Expressing Matters of Concern Through HCI Design

In the 21st century, many artists and designers are uncertain about how to create the modern day version of democracy in order to demonstrate and represent the current social conditions and expected futures. Within five years of research through crafting, design researchers Bruno Latour and Peter Weibel examined the shift in contemporary democracy from “matters of fact” to “matters of concern” and studied the role human-computer interaction (HCI) design has in this shift.

The central purpose of this research is to determine how the concept of “design things” functions to express matters of concern, which are conditions considered as objective data. Matters of concern are observed situations and their consequences. Researchers instinctively evaluated five design projects, each of these projects emphasizing different design strategies used to find and communicate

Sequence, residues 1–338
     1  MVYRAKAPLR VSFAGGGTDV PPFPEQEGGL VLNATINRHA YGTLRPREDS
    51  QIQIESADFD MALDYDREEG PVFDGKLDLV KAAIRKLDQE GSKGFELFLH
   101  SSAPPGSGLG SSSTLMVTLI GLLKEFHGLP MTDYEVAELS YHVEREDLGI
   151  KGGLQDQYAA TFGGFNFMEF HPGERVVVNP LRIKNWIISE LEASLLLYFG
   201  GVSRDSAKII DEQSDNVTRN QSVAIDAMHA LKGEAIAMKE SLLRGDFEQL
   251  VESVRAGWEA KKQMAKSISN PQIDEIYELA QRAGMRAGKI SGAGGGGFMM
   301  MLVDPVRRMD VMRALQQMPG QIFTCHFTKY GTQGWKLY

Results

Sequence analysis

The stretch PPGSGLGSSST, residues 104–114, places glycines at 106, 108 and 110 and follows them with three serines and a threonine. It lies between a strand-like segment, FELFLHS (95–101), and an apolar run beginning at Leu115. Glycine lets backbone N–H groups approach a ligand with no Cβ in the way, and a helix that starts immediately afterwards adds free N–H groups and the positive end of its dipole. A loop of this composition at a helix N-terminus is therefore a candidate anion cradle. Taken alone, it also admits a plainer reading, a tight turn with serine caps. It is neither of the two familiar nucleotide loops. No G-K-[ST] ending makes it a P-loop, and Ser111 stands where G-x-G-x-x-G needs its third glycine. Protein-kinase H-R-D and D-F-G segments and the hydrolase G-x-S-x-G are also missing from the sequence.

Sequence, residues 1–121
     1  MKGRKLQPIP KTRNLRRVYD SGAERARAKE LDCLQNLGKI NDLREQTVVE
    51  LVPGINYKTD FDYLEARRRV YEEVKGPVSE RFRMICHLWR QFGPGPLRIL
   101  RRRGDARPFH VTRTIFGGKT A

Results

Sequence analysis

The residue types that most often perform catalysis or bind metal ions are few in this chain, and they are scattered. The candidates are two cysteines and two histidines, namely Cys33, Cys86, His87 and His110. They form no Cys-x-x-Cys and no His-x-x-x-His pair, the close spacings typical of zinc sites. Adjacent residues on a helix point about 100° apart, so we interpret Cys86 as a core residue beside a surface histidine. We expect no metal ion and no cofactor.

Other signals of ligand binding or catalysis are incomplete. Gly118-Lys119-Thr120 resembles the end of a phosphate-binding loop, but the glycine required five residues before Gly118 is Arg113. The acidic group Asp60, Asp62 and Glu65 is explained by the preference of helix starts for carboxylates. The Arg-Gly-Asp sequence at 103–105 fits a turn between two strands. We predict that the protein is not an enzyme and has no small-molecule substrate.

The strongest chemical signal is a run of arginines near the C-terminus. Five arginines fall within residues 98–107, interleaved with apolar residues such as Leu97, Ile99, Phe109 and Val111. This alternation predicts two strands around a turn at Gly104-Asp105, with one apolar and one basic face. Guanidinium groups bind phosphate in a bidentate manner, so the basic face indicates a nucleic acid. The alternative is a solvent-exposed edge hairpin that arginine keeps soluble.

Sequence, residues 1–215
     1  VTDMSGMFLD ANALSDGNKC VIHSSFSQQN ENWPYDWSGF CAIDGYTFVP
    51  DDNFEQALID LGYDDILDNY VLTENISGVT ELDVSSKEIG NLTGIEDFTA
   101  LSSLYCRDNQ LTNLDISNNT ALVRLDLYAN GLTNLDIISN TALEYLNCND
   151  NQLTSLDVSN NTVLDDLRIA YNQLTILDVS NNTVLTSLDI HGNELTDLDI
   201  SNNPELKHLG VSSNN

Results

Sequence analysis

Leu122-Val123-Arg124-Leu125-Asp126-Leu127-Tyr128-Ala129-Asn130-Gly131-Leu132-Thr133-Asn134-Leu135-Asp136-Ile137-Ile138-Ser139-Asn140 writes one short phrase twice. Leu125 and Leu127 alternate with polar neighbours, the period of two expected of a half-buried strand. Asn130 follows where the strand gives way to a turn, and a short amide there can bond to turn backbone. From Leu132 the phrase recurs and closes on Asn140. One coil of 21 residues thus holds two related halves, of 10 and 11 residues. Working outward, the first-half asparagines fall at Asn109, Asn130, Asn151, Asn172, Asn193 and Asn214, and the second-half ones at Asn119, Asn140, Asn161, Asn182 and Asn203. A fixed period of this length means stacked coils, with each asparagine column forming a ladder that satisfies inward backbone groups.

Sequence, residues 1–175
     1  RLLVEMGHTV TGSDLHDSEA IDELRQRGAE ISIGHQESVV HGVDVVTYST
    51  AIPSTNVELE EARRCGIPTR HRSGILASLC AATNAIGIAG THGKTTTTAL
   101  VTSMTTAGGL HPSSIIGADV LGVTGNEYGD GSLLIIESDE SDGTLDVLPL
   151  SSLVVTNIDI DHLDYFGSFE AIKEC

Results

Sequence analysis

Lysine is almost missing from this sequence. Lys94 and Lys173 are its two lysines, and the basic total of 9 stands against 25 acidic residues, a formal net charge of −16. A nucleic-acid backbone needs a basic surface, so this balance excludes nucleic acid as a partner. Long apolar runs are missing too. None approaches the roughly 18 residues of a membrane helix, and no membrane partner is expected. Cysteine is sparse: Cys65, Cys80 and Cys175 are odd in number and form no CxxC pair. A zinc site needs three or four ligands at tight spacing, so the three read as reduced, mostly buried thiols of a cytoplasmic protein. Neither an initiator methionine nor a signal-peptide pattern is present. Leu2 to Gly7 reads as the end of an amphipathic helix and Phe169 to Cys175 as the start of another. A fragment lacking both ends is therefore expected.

the many aspects of a topic. They used an assortment of setups, including media design, visualizations, workshops, and hackathons. Their conclusion is that the role of design contributes to the formation of publics and HCI design could be used to bring awareness to the qualities and factors that encompass present-day social conditions.

DiSalvo, Carl, Jonathan Lukens, Thomas Lodato, Tom Jenkins, and Tanyoung Kim. “Making public things: how HCI design can express matters of concern.” In Proceedings of the 32nd annual ACM conference on Human factors in computing systems, pp. 2397-2406. ACM, 2014.